I will drift away from my normal story strategy today. Instead of telling the tale of one family, I am going to give brief attention to three people that are not related to each other in any family way. What they do have in common is a connection to Reformation Day, October 31st. Two of the three individuals have already appeared on this blog before. However, when they did, their relation to Reformation was not highlighted. That’s what I hope to do today.
The first character with Reformation ties is Amalia Friedricka Kuehn. She could be called the original matriarch of the Frohna Mueller’s. In fact, the post that was published a while back that told her story was titled, The Beginning of the Frohna Muellers. Amalia married Karl Mueller, and it was that couple that eventually bought some land near Frohna and their clan become known as the Frohna Mueller’s. One census called her Molly Mueller. Her connection to Reformation Day is the fact that she was born on October 31, 1820 in Germany. Yes, that means she would be celebrating a bicentennial birthday today. Molly was part of the Gesellschaft that arrived in America in 1839. We have a photograph that is said to be of Molly Mueller. It apparently is part of a larger photograph because she has someone’s hand on her shoulder.
You can find more details about her life in that previous post. Today, I simply want to recognize her special birthday. Happy 200th Birthday, Molly Mueller.
Next, we will take a look at Lina Maria Petzoldt. Lina was born on October 23, 1867, the daughter of Richard and Johanna (Lindner) Petzoldt. Her connection to Reformation Day is the fact that she was baptized on October 31, 1867. That day was not only Reformation Day, but it was the 350th anniversary of the Lutheran Reformation which began on October 31, 1517. Below is her baptism record from Immanuel Lutheran Church in Altenburg.
The history of Trinity Lutheran Church in Altenburg says that their present sanctuary was dedicated on Reformation Day (or Sunday) in 1867. I am not sure whether that dedication was held on October 31st, which was on a Thursday in 1867, or on a Sunday. We do have documentation that Lina was baptized on October 31st, on the other side of town at Immanuel.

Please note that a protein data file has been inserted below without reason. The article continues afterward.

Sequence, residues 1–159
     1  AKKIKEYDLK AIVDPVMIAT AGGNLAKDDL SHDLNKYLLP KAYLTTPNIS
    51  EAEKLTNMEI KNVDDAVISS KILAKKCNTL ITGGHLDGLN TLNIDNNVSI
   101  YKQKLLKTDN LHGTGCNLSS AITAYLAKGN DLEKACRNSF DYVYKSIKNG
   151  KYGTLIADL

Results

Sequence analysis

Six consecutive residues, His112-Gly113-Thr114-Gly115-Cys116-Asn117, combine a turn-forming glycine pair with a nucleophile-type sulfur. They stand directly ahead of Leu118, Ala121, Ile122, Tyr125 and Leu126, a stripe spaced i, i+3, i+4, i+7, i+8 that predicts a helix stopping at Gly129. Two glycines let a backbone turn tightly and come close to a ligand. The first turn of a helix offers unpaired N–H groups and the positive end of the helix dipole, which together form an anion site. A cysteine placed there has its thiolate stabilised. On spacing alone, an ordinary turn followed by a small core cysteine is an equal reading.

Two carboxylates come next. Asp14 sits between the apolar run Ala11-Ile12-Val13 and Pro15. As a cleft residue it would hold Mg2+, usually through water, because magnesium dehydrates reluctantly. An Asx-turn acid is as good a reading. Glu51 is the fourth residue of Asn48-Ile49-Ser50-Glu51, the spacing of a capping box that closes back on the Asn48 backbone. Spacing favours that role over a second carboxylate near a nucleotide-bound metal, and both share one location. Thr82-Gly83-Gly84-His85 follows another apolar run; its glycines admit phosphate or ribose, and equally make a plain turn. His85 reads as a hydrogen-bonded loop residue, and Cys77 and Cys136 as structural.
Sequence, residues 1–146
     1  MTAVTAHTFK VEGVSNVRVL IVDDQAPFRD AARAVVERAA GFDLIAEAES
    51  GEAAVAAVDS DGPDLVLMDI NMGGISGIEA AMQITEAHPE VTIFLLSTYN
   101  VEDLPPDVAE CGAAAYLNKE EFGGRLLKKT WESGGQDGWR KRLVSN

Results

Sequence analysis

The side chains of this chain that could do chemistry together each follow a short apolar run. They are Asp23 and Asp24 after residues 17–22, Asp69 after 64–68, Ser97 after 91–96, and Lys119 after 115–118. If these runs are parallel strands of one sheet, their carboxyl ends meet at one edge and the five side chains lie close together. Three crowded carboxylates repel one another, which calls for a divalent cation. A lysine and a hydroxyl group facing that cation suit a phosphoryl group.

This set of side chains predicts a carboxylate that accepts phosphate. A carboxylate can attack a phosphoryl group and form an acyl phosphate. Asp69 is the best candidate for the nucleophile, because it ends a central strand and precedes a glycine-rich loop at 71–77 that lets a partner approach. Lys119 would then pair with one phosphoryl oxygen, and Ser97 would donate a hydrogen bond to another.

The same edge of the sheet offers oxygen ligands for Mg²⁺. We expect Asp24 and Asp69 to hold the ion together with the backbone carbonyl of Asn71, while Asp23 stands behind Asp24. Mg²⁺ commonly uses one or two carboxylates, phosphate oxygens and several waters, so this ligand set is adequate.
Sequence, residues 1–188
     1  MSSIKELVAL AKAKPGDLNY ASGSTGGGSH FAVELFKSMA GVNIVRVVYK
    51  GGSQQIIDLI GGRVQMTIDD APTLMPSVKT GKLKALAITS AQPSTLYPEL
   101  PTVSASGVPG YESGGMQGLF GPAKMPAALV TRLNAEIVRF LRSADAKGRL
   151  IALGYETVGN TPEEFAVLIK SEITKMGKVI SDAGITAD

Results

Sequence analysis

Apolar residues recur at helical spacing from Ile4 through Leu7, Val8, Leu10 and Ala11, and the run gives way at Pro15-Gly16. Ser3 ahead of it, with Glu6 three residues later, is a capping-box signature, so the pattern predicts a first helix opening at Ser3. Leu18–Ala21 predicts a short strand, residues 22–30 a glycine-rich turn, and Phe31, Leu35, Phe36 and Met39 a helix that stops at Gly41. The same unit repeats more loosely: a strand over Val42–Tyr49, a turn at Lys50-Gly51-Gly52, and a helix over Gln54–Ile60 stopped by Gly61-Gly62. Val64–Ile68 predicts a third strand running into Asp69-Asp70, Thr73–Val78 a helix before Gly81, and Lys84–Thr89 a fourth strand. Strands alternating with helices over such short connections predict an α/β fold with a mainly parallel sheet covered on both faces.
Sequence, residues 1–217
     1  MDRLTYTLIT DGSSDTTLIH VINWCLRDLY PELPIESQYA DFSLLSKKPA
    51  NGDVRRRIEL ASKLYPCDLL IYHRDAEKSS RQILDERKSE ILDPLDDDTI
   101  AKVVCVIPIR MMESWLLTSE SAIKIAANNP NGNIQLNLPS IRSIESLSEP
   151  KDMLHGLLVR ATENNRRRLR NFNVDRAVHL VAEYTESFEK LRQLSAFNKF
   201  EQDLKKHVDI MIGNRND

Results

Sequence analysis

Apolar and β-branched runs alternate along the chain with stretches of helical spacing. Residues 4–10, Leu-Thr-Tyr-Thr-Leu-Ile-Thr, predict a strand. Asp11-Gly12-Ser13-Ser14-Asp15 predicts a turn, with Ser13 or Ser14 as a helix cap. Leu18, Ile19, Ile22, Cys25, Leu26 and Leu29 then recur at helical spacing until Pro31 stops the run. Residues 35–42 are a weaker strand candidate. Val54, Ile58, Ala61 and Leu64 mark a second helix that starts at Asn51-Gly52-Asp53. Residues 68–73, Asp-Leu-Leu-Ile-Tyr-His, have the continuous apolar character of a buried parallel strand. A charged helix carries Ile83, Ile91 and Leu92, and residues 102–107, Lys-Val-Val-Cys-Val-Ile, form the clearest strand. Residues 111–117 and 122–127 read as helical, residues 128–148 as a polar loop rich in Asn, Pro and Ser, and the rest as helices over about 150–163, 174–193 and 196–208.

Lina would later marry Oswald Palisch. There is a previous post about this couple also. It was titled, Palisch-Petzoldt Premier Pedigree. We have this photo of Lina and Oswald when they celebrated their 50th wedding anniversary in 1941.
The third person I would like to highlight today is Hilda Grass. Hilda was born on October 31, 1917. Just a few days ago, I wrote a post titled, Where’s Gustav? That article included a photograph that was taken on the occasion of the 400th anniversary of the Lutheran Reformation. Reformation Day of 1917 was also the birthday of Hilda, the daughter of Henry and Martha (Schubert) Grass. Hilda was baptized at Trinity Lutheran Church in Friedheim, Missouri. I found her baptism record in that church’s books.
Hilda would later marry Herbert Vogel, the son of John and Martha (Hopfer) Vogel at Zion Lutheran Church in Longtown. Hilda and Herbert died about a month apart from each other back in 2009. They are buried in the Trinity Lutheran Cemetery in New Haven, Missouri.
There you have it. Three special Reformation Day characters. One with a bicentennial birthday, and two with a birth or baptism associated with a special anniversary of the Lutheran Reformation that took place in 1517. Evidence seems to indicate that all three of these individuals remained faithful until their deaths. I pray that you do too.